Andean Grains and Legumes
Cañihua (Chenopodium pallidicaule)
The canihua, which originated in the Andes of southern Peru and Bolivia, was domesticated by the settlers of Tiahuanaco, who established themselves on the tableland of Collao. No archaeological remains have been found connected with this plant, and the dehiscence which the seeds still display suggests that its domestication is not complete. It is important on the high plateau of Peru and Bolivia because it produces grains for human consumption at between 3 800 and 4 300 m, being very cold-resistant in its various phenological phases. At present, its cultivation and utilization are maintained at subsistence levels in these regions. One of the causes of its marginalization is the large number of people required to harvest it and its small grain size, which makes handling difficult.
Quinoa (Chenopodium quinoa)
The quinoa is a food plant which was extensively cultivated in the Andean region by pre-Columbian cultures some 5000 years ago and was used in the diet of the settlers both of the inter-Andean valleys. which are very cold high areas, and of the high plateaus. After maize. it has occupied the most prominent place among Andean grains. At present. it continues to be grown in Colombia. Ecuador. Peru, Bolivia. Chile and Argentina. Its marginalization began with the introduction of cereals such as barley and wheat, which eventually replaced it. The reduction in its cultivated area in the Andean countries is also due to technical. economic and social reasons. Harvesting and threshing, which in the majority of cases are done by hand, take a great many days and the grain requires a process to remove its bitter ingredients before consumption. The prices received by farmers often do not justify their labour.
Andean Lupin (Lupinus mutabilis)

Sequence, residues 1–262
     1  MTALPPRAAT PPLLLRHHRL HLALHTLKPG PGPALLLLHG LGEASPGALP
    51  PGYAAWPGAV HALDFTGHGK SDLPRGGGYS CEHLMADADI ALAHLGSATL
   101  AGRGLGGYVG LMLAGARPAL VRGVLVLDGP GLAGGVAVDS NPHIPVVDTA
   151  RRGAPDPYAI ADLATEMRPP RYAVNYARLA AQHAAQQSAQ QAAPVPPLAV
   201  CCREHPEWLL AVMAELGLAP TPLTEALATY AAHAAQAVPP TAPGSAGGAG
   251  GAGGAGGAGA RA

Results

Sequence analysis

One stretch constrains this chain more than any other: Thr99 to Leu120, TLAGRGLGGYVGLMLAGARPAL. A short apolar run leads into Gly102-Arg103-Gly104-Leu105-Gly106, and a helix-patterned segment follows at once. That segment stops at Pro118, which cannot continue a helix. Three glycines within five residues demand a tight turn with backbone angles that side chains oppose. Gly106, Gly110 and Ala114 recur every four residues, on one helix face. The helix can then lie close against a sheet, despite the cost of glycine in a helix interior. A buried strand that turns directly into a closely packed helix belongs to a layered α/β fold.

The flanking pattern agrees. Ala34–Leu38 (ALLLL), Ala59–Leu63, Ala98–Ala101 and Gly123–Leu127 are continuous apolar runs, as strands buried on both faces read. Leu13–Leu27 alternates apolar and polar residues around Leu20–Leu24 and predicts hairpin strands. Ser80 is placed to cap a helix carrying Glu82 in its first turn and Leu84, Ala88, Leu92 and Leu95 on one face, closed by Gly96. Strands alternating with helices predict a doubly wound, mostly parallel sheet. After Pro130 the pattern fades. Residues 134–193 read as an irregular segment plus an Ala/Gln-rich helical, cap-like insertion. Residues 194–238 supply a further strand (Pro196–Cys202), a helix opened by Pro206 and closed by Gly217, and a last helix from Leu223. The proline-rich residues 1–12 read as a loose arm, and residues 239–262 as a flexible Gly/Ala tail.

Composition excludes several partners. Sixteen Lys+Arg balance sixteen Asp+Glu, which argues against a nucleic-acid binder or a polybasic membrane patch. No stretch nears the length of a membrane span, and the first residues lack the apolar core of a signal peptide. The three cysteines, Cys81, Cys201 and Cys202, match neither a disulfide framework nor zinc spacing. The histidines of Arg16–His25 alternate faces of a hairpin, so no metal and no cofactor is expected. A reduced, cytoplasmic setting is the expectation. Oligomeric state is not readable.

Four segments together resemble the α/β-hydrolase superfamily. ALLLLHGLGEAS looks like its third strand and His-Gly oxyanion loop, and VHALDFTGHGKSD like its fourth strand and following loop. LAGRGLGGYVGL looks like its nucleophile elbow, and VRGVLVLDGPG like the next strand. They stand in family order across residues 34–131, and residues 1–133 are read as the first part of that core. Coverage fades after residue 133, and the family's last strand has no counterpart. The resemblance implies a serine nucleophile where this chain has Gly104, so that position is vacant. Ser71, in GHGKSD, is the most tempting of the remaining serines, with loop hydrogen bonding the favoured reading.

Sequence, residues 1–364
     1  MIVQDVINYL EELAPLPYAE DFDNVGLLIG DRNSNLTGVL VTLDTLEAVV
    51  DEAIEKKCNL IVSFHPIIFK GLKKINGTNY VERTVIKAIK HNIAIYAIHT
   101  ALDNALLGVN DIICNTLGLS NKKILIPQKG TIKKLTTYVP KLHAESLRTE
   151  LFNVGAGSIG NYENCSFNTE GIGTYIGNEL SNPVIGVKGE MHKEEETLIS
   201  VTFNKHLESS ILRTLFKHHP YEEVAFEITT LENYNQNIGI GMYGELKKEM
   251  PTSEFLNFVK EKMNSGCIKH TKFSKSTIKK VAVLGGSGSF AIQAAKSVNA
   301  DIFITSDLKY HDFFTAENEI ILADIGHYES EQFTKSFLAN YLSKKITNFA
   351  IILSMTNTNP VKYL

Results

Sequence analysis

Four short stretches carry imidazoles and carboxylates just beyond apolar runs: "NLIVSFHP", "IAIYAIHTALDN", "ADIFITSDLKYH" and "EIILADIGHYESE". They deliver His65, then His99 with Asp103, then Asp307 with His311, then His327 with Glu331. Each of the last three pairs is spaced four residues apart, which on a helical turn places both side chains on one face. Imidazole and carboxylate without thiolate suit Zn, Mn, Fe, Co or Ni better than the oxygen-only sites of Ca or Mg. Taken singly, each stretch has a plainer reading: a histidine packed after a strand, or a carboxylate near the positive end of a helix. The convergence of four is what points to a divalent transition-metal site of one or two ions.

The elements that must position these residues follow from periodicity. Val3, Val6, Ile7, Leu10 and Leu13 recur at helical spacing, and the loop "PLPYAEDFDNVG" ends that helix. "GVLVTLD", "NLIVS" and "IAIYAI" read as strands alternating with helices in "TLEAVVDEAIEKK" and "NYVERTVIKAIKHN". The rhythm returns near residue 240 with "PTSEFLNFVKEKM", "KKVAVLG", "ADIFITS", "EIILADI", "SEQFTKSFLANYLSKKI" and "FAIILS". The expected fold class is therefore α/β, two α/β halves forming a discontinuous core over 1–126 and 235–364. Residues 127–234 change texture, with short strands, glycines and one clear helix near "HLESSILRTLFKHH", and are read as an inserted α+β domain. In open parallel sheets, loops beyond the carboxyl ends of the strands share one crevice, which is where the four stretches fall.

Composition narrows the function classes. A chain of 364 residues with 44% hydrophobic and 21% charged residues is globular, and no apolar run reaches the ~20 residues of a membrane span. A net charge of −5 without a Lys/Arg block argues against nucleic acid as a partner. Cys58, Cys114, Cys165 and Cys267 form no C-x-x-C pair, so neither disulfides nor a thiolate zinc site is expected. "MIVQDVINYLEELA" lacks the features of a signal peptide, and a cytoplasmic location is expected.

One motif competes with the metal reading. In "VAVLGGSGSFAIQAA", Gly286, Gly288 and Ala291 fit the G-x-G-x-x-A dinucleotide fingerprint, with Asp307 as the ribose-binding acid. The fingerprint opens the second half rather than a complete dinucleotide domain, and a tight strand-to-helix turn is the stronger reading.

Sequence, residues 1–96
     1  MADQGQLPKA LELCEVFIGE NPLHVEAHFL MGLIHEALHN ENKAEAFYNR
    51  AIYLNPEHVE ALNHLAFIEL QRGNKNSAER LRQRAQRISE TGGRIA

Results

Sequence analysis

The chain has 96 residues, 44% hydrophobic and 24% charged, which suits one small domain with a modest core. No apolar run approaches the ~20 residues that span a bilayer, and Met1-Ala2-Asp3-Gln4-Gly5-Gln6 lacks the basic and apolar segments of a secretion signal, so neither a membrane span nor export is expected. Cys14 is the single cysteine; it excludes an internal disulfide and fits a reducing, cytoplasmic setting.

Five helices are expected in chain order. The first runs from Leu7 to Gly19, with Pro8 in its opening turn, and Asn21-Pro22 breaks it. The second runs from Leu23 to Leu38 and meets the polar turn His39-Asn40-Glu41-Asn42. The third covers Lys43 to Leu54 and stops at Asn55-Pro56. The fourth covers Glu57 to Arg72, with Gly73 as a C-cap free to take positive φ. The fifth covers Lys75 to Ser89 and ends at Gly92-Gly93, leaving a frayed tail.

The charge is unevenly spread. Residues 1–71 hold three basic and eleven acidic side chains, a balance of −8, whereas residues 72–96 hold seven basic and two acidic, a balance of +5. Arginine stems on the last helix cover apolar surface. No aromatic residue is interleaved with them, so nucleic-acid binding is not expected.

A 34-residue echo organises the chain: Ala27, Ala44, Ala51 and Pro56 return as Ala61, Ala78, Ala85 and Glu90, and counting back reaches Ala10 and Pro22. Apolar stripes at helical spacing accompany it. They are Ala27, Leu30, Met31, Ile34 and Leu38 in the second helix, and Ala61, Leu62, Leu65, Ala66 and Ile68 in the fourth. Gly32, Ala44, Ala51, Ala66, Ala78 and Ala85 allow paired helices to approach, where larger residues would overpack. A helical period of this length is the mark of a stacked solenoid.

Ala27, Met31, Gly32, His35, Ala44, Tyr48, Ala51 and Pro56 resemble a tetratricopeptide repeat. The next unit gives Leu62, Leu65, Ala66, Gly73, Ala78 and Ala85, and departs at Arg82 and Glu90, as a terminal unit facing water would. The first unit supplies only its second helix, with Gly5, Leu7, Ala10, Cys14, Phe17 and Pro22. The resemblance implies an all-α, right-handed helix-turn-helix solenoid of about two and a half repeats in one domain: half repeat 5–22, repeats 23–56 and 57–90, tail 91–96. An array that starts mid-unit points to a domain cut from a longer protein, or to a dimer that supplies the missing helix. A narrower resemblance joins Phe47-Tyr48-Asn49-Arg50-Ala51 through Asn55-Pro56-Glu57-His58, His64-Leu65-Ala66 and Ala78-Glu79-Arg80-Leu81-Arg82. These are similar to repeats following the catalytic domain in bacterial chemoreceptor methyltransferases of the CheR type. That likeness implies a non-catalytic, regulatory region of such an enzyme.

The Andean lupin is a leguminous plant that was domesticated and grown by the ancient settlers of the central Andean region from pre-Incan times, as indicated by seeds found in tombs of the Nazca culture and the plant's representation on Tiahuanaco pottery. As in earlier times, Andean populations still use the seeds as a food today. They were very important as long ago as the pre-Hispanic era, figuring foremost among foods because of their high protein content. Lupinus mutabilis is still grown from Ecuador to Chile and northern Argentina under different production systems. It was displaced by European crops and, because of this, has been one of the native species most affected by marginalization. The grain has a high alkaloid content which imparts a very bitter taste and a process is therefore needed to eliminate it, thus giving it a disadvantage compared with other introduced legumes. The result has been a reduction in cultivated area of L. mutabilis, despite its agronomic and nutritional benefits. such as the fixing of atmospheric nitrogen (more than 100 kg per hectare), cold resistance and a high protein and oil content. Its marginalization may have been influenced by the fact that it was eaten mainly by the indigenous population. as well as by its variable yield: on peasant plots, 300 to 600 kg per hectare are obtained: under suitable conditions, 3500 kg, and experimentally. 7000 kg per hectare.